When I told my friends and family that Luke and I were going to stay in a hotel in the Polish mountains near Wroclaw for a week, for free, all meals included, they said we were being ridiculous, that it’s not possible.
But it is possible. Being a native English speaker is a sought-after skill these days. Even if you have zero teaching experience and no comprehension of why we use grammar like we do, being a native speaker can get you quite a far for not very much. There are people all over the world who want to learn English, and Poland is no exception.
And that’s how it works: you come to Poland and speak English all day, and you can get your accommodation and food for free. How? Join the Angloville programme. Angloville is an English language-immersion programme for the Polish participants, and for the native English speakers, it’s a cultural-immersion programme. Whilst they improve their conversational English all day, you get to learn about Polish culture first-hand.
With free time on our hands, we applied to the programme online, were accepted, booked a cheap RyanAir flight to Wroclaw, packed a rucksack and went on our way. After a few nights in Wroclaw and a tour of the city provided by Angloville, a mini-bus drove us 2-hours into the mountains to the hotel.
When we arrived, we soon realised that nearly all of the native speakers are travellers of some sort. An American who has hitched across the world with only her guitar, another who is a military wife at a base in Germany, an Australian whose been teaching in Asia for 5 years, a New Zealander who spent his last few months Thai boxing, a Welsh blacksmith, an Irish girl teaching in France, and a whole heap more. The Polish, on the other hand, all had high-powered jobs in big companies (many of which paid for them to attend the programme) – but that didn’t make them any less fascinating. Of course, it didn’t!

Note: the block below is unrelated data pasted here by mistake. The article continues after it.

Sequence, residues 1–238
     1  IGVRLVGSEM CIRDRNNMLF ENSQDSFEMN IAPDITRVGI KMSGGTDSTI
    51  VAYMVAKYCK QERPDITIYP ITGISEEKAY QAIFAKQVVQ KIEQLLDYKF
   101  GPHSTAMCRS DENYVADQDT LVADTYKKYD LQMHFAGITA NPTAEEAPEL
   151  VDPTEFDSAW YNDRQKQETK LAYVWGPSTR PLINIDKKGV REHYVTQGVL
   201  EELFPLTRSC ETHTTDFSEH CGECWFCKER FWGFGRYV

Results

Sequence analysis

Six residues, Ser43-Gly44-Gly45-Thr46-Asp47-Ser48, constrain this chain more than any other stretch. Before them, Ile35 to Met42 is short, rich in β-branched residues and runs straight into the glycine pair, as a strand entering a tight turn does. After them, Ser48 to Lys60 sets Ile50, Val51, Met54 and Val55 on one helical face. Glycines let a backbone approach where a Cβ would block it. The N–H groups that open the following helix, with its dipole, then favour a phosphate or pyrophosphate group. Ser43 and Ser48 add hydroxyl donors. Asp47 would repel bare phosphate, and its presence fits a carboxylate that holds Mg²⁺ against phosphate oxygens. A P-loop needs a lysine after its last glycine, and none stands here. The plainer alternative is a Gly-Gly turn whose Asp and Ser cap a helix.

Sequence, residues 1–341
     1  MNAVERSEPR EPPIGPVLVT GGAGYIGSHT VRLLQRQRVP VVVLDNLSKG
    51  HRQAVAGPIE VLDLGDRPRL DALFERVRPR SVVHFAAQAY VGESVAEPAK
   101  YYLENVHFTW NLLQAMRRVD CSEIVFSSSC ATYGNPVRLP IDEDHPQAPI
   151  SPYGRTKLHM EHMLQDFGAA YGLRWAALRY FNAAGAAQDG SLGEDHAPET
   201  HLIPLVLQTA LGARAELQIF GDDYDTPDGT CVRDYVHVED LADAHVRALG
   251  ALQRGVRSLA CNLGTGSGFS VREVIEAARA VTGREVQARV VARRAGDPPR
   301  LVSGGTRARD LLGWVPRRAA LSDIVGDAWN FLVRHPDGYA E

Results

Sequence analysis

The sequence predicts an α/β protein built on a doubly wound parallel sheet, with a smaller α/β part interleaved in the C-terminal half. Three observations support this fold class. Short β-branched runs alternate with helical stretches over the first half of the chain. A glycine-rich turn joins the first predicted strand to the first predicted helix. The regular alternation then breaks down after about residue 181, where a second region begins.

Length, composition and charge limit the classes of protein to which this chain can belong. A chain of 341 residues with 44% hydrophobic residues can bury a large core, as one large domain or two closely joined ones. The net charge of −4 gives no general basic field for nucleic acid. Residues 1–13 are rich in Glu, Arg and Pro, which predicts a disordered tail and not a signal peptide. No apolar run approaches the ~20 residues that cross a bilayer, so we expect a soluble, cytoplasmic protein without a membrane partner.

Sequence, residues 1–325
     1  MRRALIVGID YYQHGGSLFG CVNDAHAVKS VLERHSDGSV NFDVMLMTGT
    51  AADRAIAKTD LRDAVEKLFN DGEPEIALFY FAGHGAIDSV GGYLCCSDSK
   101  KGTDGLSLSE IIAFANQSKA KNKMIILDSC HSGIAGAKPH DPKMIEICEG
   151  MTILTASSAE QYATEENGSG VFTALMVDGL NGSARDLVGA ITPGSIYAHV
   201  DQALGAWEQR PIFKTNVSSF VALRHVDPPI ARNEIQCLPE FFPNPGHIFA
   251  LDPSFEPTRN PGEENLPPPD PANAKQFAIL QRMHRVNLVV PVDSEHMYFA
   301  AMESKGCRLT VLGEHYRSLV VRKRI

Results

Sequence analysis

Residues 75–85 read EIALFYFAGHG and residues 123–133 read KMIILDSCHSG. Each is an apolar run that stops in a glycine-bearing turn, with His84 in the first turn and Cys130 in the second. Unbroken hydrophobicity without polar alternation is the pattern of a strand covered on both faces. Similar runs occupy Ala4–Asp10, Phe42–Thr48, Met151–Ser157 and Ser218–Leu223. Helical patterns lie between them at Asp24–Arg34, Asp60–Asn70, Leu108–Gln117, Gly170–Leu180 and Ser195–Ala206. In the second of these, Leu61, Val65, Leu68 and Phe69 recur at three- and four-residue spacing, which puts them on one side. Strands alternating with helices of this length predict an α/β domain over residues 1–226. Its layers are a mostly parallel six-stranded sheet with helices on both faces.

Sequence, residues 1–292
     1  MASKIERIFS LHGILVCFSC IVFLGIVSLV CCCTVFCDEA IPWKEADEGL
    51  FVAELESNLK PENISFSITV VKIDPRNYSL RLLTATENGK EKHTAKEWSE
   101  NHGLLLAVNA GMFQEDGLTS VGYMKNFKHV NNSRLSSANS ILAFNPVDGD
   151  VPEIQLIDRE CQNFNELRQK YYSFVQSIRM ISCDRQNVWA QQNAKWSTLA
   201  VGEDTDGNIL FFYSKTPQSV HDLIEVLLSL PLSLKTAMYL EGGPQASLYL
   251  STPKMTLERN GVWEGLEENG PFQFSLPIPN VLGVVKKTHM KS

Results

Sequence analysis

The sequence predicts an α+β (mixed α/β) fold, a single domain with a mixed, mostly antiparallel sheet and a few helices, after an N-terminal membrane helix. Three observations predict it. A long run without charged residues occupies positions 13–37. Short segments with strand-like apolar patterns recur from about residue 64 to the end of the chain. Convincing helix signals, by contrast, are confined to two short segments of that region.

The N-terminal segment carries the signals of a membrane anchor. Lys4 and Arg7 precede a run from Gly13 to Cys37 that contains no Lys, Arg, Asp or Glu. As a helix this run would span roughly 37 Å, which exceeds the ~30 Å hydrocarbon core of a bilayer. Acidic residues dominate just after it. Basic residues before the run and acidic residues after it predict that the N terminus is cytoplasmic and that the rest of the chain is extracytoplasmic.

When you travel, you meet lots of travellers, but you don’t meet so many natives. On Angloville you actually meet locals, living their lives in a very different way to you.
Angloville isn’t just a free holiday in Poland though, it’s more like a kind of voluntourism. Conversation hours run from 10am – 7.30pm with only a 90-minute break, and nearly all of these conversations are one-to-one. Whilst the Polish definitely have it harder, talking for this long can still be tiring. At the end of the week you receive a certificate for 70 hours of volunteering, so conversations and activities aren’t optional.
You are also paired with a Polish participant who you mentor every morning for a presentation that they will give at the end of the week. This is an excellent opportunity to make a solid friendship, learn about their interests and even get some teaching style experience.
Though it might sound like quite a lot of work, it doesn’t feel like work at all. You can talk over coffee, take a short walk or play pool during these conversation hours, and you’re free to discuss whatever you like. Consequently, these conversations are usually of huge benefit to you as a traveller. By going to Angloville at the beginning of our trip, we got some invaluable advice from Poles living all over the country about where to go, which places to avoid, how to get there, what to eat etc. It certainly made us even more excited and much better prepared than we would’ve been for travelling afterwards.
Some jammy English speakers managed to hitch a ride to their next destination with their new Polish friends, and others were offered a bed for the night as well. Although we didn’t do this, one of our new Polish friends found us a place to stay at his friend’s apartment in Wroclaw for the night, and gave us a lift there when we got off the bus. Someone else offered to host us when we got to Warsaw too.
Was it worth it for a week’s free bed and board in the Polish mountains? Completely.
I would definitely considering doing a similar programme again. Whilst on Angloville I heard about similar programmes in Spain and Germany that I would like to give a try. It’s an amazing way to travel for free, learn about a country from the people living there, and make new friends.